Reflections on the TRC

Reflections on the TRC

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By now everyone on campus has heard about the Truth and Reconciliation Commission, even if only in the capacity of “we got a day off for it”. For those who did not attend, the week incorporated many different events focusing on the effects of Residential Schools on Canada’s First Nations with a general celebration of West Coast First Nations culture. It was powerful.

I watched a man, confident and assured of himself, break down onstage as he shared his story of being unable to express love to his children and his wish for a second chance. For many survivors, this was the first time they had told their stories. I watched the children of Residential School survivors tell their stories of longing for their parents’ love, of their anger at the wounds of their parents, and of their paths to healing. Other minorities who have been oppressed stood and expressed their solidarity with First Nations.

My experience of being visibly First Nations in Canada has not been devoid of racism. I’ve been personally harmed and wounded as a result of Residential Schools, though I never attended one. I see the effects of multi-generational family breakdowns every time I go home. This isn’t academic to me; this is my reality. I go through periods of anger at the church and at Canada for putting my family and I through this. To hear the stories of others voiced in a public arena, to hear the apologies of the church and their acknowledgement of the hurt they have caused, was validating and cathartic. Reconciliation isn’t an abstract idea. It’s forgiveness and healing.

At the end of the week, Reconciliation Canada hosted a walk through the downtown area of Vancouver to express commitment to a new way forward: collaboration over antagonism. As the event got underway, Bernice King, daughter of American civil rights activist Martin Luther King, Jr., gave a speech to the thousands gathered. She inherited her father’s ability to move a crowd along with his commitment to long term progress, and that moment would have been the emotional high of the day for me, had not the actual walk occurred.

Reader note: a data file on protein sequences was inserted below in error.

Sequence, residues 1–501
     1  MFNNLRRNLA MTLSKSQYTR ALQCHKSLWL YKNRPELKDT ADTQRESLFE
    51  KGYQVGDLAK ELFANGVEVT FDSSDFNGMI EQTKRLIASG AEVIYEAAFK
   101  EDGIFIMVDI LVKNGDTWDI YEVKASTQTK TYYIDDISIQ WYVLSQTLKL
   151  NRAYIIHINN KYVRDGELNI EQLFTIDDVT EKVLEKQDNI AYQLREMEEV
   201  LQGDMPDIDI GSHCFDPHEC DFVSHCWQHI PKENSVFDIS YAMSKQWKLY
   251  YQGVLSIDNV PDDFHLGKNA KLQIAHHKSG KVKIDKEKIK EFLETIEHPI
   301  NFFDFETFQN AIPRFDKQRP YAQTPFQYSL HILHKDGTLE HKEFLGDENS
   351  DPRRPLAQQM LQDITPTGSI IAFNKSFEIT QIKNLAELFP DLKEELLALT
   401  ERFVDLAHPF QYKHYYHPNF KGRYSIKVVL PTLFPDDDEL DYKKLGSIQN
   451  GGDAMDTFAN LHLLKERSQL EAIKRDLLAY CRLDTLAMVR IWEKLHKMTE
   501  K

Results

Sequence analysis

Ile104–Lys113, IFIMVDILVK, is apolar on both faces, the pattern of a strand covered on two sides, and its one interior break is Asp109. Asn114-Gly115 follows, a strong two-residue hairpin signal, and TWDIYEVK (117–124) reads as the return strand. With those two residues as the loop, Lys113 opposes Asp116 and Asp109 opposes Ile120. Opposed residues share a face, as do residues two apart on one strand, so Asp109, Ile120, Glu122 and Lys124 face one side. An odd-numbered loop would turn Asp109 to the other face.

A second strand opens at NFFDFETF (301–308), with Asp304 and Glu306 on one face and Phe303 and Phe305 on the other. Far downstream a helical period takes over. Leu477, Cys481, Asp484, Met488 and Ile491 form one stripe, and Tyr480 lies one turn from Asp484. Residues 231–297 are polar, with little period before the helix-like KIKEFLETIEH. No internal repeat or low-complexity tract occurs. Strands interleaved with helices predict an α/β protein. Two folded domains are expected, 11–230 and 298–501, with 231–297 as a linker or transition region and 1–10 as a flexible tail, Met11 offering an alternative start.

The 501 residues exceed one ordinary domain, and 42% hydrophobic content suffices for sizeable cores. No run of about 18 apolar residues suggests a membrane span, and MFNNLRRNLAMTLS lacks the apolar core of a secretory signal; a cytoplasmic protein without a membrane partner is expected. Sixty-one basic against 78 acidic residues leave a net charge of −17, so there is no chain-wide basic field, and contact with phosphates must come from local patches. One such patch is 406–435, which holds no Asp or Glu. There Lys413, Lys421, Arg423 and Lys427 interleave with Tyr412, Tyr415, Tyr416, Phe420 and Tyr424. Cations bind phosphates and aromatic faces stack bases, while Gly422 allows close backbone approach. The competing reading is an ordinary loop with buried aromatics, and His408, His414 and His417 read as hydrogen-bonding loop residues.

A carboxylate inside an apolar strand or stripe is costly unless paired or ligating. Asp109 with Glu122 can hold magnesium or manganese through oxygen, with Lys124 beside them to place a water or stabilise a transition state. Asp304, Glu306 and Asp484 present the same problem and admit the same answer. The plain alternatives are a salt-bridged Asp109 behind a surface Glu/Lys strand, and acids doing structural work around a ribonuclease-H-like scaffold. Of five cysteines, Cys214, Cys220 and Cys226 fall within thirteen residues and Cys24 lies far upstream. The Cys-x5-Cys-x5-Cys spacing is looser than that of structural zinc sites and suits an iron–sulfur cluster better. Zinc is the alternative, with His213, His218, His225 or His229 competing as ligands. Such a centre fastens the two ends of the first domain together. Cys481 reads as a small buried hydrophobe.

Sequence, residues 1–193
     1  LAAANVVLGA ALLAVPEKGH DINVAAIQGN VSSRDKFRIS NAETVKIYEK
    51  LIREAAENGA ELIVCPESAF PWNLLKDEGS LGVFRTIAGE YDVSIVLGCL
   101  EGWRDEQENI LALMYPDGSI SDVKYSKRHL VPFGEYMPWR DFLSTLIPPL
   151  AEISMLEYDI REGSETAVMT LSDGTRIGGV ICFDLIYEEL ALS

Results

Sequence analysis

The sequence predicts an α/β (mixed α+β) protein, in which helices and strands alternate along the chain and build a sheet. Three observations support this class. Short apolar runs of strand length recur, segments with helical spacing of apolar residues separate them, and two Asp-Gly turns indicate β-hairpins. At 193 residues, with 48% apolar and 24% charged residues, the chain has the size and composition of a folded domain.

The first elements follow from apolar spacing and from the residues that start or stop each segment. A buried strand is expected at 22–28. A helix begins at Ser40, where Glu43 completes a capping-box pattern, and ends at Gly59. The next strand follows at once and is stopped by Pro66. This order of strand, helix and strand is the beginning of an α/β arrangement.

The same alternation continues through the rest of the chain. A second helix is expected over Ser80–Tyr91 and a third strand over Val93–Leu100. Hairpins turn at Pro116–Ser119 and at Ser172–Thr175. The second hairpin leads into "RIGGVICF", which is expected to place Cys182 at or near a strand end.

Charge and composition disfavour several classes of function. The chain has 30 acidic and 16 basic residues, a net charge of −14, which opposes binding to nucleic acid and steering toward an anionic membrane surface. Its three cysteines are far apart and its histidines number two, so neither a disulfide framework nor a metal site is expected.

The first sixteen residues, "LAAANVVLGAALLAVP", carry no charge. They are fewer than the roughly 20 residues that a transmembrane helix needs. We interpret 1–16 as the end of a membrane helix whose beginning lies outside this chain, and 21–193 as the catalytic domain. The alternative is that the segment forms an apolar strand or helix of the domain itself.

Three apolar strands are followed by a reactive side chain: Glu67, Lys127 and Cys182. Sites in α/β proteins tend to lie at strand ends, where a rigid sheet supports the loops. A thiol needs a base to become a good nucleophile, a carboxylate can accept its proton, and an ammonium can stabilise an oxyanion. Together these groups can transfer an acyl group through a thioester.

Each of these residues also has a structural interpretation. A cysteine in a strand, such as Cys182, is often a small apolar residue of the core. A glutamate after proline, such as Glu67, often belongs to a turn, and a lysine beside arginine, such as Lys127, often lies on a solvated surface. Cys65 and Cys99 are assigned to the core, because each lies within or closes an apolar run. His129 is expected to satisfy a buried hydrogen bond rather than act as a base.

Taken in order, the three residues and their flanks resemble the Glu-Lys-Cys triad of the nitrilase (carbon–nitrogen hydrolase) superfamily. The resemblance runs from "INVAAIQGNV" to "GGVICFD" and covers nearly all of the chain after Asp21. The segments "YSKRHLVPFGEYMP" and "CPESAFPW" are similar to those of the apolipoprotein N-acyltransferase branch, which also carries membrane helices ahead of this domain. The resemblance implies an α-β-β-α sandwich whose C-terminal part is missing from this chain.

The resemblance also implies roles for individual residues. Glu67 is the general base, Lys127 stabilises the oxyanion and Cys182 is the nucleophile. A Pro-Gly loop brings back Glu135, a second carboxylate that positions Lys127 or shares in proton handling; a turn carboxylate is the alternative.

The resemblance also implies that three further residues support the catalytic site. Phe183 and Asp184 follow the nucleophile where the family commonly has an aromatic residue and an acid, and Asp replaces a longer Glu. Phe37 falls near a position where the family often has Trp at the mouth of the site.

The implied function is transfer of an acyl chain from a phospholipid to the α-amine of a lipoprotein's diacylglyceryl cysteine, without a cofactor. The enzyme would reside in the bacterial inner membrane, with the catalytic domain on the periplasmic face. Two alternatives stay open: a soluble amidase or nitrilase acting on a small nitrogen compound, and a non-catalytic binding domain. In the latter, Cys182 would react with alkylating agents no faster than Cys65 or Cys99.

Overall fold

The event organizers planned the route to double back on itself over two bridges near the BC Place Stadium. This allowed the people on one bridge to see the people walking in the opposite direction on the other bridge. Walking towards the middle of the crowd, I was able to see both ends of the crowd. The number of people was staggering. Conservative estimates put the total number at around 10, 000. People held signs above their umbrellas: “Japanese Canadians stand with you.”

In that moment, the detractors and the hecklers (easily found with a cursory search of First Nations news articles) were all put in their place. Thousands of people sacrificed their time, warmth, and dry feet to march in the rain in support of reconciliation; no internet forum can compare.

The overall attitude of the Truth and Reconciliation events was realistic optimism. There was acknowledgement both that things are changing and that there is so much more yet to be done. The personal and communal wounds were aired and recorded, but so were expressions of moving forward as Canada becomes a society that is both just and successful. That is what true reconciliation looks like, both for myself and for Canada as a whole.

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Christ in Antique Polyvinyl Chloride

Christ in Antique Polyvinyl Chloride